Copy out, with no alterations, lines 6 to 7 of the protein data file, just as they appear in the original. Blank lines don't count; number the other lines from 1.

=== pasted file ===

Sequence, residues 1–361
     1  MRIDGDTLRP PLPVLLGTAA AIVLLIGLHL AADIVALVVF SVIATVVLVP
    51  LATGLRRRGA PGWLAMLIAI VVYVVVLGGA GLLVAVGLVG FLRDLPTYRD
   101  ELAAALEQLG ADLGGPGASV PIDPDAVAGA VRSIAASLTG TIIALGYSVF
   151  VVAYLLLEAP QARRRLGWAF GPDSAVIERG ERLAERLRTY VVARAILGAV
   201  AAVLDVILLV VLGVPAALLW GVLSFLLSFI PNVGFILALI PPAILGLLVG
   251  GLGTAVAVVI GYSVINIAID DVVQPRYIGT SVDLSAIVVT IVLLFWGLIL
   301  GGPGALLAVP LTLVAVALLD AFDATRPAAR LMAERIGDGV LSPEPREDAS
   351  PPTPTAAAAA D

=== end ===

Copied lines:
   201  AAVLDVILLV VLGVPAALLW GVLSFLLSFI PNVGFILALI PPAILGLLVG
   251  GLGTAVAVVI GYSVINIAID DVVQPRYIGT SVDLSAIVVT IVLLFWGLIL